By Jerry White
The Kansas Board of Education voted Wednesday to delete virtually all
references to evolution, natural selection and the origins of the universe
from the state's science curriculum. The decision represents the most
far-reaching success thus far for the Religious Right and its attempt to ban
Darwinism from public school classrooms in the US.
Under the new guidelines for K-12 students, individual science teachers
will not be barred from teaching evolution, but it will no longer be
included in state tests, and therefore can be dropped from the curriculum
of local school boards. Presented by the state board as a victory for local
school "choice," the move is expected to encourage Christian
conservatives to push for a complete ban on the teaching of evolution in
local school districts and to force teachers to question the validity of
evolution and teach creationism.
Kenneth Miller, a Brown University biology professor and staunch
advocate of teaching evolution, told the WSWS, "I think it's a dramatic
step backward for science education in Kansas. What they have done is
to cut the heart out of science, which is evolution. Of course this will
embolden critics of evolution and serve to legitimize them. But in another
way it may be productive, and serve as a wake-up call to the science
The campaign to change the Kansas guidelines was led by board
member Steve Abrams, a former state Republican chairman. It began
after a 27-member state committee of scientists drafted new standards
which acknowledged that evolution was a "broad, unifying theoretical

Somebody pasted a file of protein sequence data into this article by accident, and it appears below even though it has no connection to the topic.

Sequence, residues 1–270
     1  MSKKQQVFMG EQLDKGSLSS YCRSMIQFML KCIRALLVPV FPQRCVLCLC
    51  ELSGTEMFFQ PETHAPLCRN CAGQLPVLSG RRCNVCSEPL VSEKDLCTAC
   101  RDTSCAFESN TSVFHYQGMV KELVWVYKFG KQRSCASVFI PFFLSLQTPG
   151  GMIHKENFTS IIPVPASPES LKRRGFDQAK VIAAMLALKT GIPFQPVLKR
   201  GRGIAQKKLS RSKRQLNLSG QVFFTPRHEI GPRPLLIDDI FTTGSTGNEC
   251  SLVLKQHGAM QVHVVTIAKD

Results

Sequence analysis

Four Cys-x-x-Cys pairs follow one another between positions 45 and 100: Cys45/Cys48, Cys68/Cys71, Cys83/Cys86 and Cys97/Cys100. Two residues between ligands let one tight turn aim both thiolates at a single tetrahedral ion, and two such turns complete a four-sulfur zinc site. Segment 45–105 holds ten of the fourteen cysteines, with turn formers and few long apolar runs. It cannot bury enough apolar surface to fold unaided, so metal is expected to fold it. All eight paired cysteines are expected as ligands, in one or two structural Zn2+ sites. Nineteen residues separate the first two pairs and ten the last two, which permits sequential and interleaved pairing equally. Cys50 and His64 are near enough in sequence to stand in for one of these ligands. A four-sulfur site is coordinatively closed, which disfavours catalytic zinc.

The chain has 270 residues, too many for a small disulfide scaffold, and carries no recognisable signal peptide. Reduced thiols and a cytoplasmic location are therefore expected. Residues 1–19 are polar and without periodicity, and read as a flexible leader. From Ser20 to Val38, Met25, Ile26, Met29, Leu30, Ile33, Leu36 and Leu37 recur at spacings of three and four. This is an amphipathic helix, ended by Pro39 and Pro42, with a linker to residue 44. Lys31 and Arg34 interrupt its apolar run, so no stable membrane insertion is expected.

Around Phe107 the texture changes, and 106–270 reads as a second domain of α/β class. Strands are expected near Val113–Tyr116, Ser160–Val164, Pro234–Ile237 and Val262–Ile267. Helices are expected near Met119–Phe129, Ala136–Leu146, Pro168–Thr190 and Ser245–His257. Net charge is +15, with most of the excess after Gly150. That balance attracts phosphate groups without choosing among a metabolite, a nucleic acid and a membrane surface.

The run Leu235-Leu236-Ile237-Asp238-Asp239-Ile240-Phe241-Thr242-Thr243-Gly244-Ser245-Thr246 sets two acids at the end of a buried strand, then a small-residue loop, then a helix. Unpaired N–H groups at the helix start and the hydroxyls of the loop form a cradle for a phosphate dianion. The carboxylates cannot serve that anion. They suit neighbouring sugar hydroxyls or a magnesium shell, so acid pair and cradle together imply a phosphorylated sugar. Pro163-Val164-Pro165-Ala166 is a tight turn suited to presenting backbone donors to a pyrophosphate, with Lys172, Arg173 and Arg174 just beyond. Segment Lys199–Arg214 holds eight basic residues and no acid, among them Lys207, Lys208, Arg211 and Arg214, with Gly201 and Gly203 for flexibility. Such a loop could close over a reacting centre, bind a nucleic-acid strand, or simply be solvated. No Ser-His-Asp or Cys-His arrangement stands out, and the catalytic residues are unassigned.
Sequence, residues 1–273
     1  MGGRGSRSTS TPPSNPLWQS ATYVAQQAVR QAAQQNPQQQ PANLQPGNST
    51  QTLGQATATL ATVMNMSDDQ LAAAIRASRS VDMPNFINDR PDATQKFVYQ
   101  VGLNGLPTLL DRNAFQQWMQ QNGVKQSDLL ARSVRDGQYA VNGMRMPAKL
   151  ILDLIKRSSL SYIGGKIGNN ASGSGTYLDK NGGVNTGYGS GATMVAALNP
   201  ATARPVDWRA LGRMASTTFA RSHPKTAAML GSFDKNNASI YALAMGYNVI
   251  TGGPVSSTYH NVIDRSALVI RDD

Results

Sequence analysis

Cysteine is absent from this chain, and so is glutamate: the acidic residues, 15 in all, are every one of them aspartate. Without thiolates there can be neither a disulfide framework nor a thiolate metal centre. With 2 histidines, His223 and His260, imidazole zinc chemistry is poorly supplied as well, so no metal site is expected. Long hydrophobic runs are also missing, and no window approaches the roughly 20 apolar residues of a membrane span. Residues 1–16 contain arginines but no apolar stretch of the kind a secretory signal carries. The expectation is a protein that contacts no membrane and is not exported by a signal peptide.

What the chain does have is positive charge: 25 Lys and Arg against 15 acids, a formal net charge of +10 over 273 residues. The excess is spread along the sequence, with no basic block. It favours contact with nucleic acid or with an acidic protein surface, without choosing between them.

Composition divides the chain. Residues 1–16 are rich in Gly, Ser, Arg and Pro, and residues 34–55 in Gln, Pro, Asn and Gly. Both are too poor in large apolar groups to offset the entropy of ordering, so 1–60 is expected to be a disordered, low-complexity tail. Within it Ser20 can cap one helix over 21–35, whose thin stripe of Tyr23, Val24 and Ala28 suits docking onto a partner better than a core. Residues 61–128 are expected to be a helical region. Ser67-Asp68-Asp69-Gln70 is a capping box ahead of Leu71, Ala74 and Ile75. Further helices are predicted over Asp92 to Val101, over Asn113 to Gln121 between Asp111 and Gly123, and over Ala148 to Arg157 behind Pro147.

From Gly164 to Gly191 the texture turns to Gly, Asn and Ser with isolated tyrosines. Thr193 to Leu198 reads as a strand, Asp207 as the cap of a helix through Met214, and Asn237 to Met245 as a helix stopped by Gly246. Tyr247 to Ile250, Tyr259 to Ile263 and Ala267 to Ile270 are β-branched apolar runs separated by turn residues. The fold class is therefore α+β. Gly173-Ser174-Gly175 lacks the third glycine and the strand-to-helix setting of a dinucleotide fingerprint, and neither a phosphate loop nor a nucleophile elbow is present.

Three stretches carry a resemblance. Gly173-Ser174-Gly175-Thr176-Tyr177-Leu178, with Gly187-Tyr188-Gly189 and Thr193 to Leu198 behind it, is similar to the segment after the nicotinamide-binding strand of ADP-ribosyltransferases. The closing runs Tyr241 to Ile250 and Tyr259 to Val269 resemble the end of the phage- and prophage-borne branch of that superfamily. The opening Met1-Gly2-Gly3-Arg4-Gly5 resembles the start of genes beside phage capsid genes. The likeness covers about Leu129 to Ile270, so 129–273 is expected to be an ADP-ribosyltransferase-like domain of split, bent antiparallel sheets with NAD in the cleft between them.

framework of biology." Abrams denounced the draft, saying, "it is not
good science to teach evolution as fact." He was joined by Scott Hill, a
farmer, who recently said, "There's a liberal agenda to build up and
glorify evolution in our schools."
With the help of creationists, Abrams and Hill redrafted the guidelines,
deleting two pages on evolution and inserting the sentence: "The design
and complexity of the design of the cosmos requires an intelligent
designer." The latter was removed after protests from scientists, but a
compromise was then drafted, and after months of a 5-5 deadlock on the
school board, it passed by a margin of 6-4 Wednesday.
The new standard includes a reference to so-called micro-evolution, a
term coined by creationists, which refers to the genetic adaptation and
natural process within a species. But it excludes any mention of
"macro-evolution," the understanding that all life evolved from common
ancestors. Also removed was any reference to the Big Bang theory of the
origin of the universe. Instead, teachers are instructed to "suggest
alternative explanations to scientific hypotheses or theories" and a
reference is made to the 1980 eruption of Mt. St. Helens in Washington
state, which creationists claim undermines scientific evolutionary theory
because it showed geological changes can happen very quickly (i.e.,
within a Biblical time frame rather than over millions of years).
John Staver, co-chairman of the committee of scientists that drafted the
standards, called it a "travesty to science education" and added, "Kansas
just embarrassed itself on the national stage." More than half of the
committee members are demanding their names be removed from the
document. In addition, the presidents of the state's six public universities,
including the University of Kansas, opposed the school board's plan,
writing that it would, "set Kansas back a century and give hard-to-find